Re: [Q] SCP/SFTP batch file password problem?

From: Chris St. Pierre (stpierre_at_NebrWesleyan.edu)
Date: 08/17/05

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    Date: Wed, 17 Aug 2005 08:52:10 -0500 (CDT)
    To: General Red Hat Linux discussion list <redhat-list@redhat.com>
    
    

    Basically, what Ed said. If you're using it for scripts that are
    cronned to go off late at night when no one is arount to type a
    password, it's not very useful.

    However, if you're not scripting, it can be very useful. If you are
    administering a number of systems with disparate password databases,
    you might not want to have to remember which passwords go with which
    systems. Rather than set all of your passwords to be the same -- bad
    security practice -- you could do key exchange with all of the servers
    and then just use the same key passphrase to login to each of them.
    You get the benefit of only having one password, the security of
    having multiple passwords from any machine but your desktop, and don't
    have to worry too much if someone gets your private key.

    Chris St. Pierre
    Unix Systems Administrator
    Nebraska Wesleyan University

    On Tue, 16 Aug 2005, Ed Wilts wrote:

    >On Tue, Aug 16, 2005 at 03:21:17PM -0500, Kelley.Coleman@med.va.gov wrote:
    >> Chris - What, if anything, would be the benefit of using a passphrase with
    >> ssh, if you were using it mainly for shell scripts? Does it affect the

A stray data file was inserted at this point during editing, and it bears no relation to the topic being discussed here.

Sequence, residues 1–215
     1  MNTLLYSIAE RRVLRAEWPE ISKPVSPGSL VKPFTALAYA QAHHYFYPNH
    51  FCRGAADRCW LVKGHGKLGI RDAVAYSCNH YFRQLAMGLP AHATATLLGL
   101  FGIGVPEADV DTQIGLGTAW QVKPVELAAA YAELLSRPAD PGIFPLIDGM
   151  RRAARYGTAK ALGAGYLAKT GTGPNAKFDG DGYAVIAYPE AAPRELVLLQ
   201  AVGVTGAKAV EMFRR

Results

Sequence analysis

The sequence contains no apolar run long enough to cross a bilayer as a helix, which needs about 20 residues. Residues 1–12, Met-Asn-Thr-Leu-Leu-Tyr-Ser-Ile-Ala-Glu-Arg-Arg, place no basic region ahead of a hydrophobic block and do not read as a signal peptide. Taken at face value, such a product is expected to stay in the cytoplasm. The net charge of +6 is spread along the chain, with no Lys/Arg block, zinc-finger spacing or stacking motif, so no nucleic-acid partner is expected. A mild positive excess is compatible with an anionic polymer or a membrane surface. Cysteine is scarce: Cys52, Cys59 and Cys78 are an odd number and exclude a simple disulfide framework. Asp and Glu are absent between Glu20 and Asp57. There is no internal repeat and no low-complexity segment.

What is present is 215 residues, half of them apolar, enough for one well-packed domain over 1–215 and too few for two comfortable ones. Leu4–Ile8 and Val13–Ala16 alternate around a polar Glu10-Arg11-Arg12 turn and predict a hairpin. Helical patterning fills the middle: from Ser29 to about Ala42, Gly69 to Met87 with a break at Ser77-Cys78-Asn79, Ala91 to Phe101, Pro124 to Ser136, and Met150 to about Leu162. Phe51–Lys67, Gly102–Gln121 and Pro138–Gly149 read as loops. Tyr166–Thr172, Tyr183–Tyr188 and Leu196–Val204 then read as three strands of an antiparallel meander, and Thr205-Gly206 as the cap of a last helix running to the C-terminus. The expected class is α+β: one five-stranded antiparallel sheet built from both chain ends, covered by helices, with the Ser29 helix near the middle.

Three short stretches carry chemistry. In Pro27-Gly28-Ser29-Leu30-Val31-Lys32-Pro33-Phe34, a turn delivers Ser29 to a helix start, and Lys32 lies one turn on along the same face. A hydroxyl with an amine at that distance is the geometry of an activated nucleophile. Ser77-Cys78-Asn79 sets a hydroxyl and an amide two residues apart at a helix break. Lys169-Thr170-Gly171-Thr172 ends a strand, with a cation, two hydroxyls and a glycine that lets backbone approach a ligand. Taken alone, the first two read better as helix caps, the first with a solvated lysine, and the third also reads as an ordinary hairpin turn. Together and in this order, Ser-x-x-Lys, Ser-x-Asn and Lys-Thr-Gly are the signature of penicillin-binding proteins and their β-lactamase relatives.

>> functionality of the script? I've set all my ssh connections up without a
    >> passphrase, but I was curious about it.
    >
    >I've set mine up without a passphrase too but I'll take a shot at
    >answering your question. Basically, if somebody has access to your
    >private key, every system that you have access to is now theirs. This
    >could be your backup admin or anybody that gets a hold of your backup
    >tapes.
    >
    >With a passphrase, the key by itself doesn't get them anything. They
    >need both pieces of information to get anything useful.
    >
    >The rest that most people set up keys without passphrases is that
    >they're much easier to work with. The way I read the keychain
    >information, you get the security of a passphrase without the pain. You
    >only enter your passphrase once and the server hangs on to an open
    >session that you connect to.
    >
    > .../Ed
    >
    >--
    >Ed Wilts, RHCE
    >Mounds View, MN, USA
    >mailto:ewilts@ewilts.org
    >Member #1, Red Hat Community Ambassador Program
    >
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